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Learn to cook rabbit South West England
 
 

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This is the place to enjoy Christine's food-related musings – from seasonal food and food producers to cooking tools, food markets and gastro-travel. You'll also find some must-try recipes and invaluable tips and techniques.

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A Taste of Rabbit

I have always been partial to rabbit. It’s cheap, flavoursome and versatile, and makes an excellent change from ubiquitous chicken. As the somewhat pompous Major Hugh Pollard wrote in The Sportsman’s Cookery Book, “Properly cooked – and admittedly English cooks do not cook with marked originality or enterprise (he was writing in 1926) – a dish of young rabbits is really a delicacy.”

I suppose the rabbit has always been the poor relative of the hare, the latter classified as posh game and the rabbit as vermin. While it is true that rabbits breed prolifically and help themselves to anything that’s growing, their meat is wonderfully sweet and nutty, though all that scampering to escape the farmer’s gun can make wild rabbit tough.

I find it hard to understand why rabbit isn’t more popular in the UK, whereas in mainland Europe it is easily found in butchers and supermarkets. While on holiday in France this summer I found bumper packs of rabbit legs on offer in Leclerc, as well as whole rabbits – with the head disconcertingly left in place. Since various parts of the rabbit need different cooking times, the legs-only packs were a real bonus.  I snapped them up to use in my favourite rabbit recipe: Rabbit with Potatoes, Peppers and Lemon. It’s an easy-to-cook Italian-style braise that makes the rabbit beautifully moist and flavoursome.  If you want to give it a try, your local butcher should be happy to sell you legs minus the other parts.

Provided they come from a young rabbit, the hind legs are wonderful barbecued, even at this time of year. This is real campfire stuff, and so much better than chicken drumsticks. Just slash the thickest part, rub with olive oil, lemon juice, herbs and black pepper, and cook for 6–8 minutes a side. The front legs are not very meaty but are fine to add to a casserole or use in soups and stock.

Meatiest and most tender is the saddle or loin, which can be pan-fried or quickly roasted. Set the oven temperature to 200°C/gas 6, and toss the meat in plenty of oil and seasonings. Roast for 7–8 minutes then leave to rest for 10 minutes before serving. It’s as simple as that.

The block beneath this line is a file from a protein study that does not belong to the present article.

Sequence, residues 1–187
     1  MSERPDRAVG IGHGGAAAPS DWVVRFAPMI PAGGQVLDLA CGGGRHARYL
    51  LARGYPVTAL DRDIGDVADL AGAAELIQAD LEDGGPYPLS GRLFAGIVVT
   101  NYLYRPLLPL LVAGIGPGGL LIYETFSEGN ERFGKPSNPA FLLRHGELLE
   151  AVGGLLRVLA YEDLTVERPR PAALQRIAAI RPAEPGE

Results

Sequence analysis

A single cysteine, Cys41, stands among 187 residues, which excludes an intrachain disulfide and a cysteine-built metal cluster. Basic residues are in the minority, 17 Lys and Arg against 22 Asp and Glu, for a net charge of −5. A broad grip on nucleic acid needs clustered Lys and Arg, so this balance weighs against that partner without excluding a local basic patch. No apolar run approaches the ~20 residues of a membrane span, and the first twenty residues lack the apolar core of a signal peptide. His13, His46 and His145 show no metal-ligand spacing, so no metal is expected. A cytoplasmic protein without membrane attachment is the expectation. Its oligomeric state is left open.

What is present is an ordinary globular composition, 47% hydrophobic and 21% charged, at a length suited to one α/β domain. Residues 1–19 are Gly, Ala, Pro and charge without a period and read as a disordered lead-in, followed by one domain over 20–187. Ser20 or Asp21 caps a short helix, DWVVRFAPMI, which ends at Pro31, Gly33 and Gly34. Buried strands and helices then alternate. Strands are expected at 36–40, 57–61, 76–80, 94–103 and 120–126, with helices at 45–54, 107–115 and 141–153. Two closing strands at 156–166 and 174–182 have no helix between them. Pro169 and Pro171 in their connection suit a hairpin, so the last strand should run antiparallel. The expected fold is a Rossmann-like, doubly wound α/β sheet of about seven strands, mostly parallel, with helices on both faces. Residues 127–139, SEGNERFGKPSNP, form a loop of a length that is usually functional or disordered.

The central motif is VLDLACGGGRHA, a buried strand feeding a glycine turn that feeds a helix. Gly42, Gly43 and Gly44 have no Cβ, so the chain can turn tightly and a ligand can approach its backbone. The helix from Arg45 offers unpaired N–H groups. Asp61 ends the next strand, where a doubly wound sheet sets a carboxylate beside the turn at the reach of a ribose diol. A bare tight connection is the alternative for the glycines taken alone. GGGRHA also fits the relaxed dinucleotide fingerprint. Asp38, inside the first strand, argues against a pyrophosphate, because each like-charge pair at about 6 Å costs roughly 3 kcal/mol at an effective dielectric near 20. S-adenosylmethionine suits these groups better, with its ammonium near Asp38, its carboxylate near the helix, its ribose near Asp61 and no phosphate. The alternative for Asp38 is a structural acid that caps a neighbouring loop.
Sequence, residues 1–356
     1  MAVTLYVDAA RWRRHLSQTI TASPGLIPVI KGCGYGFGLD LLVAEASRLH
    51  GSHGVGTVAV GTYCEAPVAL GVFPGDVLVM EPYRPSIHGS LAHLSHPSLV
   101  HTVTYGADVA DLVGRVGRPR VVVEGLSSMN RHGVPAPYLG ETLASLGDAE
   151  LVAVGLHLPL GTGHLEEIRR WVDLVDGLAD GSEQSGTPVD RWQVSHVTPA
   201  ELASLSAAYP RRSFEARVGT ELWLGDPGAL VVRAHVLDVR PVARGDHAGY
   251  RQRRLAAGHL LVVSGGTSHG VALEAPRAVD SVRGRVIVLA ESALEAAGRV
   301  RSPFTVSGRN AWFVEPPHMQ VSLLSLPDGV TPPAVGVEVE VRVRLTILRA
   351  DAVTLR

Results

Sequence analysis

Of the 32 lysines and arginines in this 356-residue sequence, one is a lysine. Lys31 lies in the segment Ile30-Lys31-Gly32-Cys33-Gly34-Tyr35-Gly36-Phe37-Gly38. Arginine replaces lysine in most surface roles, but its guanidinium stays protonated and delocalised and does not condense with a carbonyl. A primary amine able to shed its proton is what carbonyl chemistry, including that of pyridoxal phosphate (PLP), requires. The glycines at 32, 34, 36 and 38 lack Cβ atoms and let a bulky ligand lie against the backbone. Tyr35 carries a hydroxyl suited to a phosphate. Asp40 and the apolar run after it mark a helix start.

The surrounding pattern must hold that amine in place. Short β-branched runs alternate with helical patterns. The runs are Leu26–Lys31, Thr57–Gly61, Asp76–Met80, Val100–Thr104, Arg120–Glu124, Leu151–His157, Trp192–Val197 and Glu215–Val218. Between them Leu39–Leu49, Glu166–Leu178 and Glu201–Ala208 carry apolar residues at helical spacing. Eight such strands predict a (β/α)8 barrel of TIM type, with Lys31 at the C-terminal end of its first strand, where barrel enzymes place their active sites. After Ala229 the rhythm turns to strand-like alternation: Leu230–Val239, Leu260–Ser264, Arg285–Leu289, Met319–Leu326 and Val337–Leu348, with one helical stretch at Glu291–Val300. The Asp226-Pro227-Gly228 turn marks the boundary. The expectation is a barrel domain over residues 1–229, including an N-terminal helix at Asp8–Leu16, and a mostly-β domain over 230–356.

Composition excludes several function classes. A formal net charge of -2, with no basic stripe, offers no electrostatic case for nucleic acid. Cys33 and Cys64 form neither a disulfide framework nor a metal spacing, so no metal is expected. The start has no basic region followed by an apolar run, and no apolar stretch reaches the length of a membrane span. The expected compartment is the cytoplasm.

A good way of using up a whole rabbit, particularly a wild one, is in a confit that can then be used for a pasta sauce or risotto, or made into a tasty terrine. Start off by soaking the rabbit in salted water for several hours to remove any bitterness (there is no need to do this if your rabbit is farmed). Drain and simmer in fresh water for an hour or until the meat is practically falling from the bone. Remove from the pan and leave to cool. Strip the meat, put in a bowl, season and cover with olive oil. As long as it is completely covered with oil to exclude air, the meat can be left in the fridge for up to two weeks.

To make pasta sauce, heat a large knob of butter and 2 tablespoons of olive oil in a roomy pan. Gently fry a finely chopped carrot, celery stick, small onion and 2 garlic cloves with 4 slices of chopped streaky bacon, a sprig of marjoram or thyme and 2 bay leaves.  Season with sea salt and freshly ground black pepper. Once soft, pour in half a glass of dry white wine and let it evaporate for a few minutes. Add 200g finely chopped mushrooms, and 350g picked rabbit meat and cook for another 10 minutes. Serve with broad ribbon pasta such as tagliatelle or pappardelle, and plenty of freshly grated Parmesan.

Wild rabbits are at their best now ­– young, plump and tender – so make the most of them while you can. You’ll find them mainly in traditional butchers or farm shops. In a few weeks they won’t be so good, and farmed rabbit will be the better option.

 

© Christine McFadden, November 2014

         
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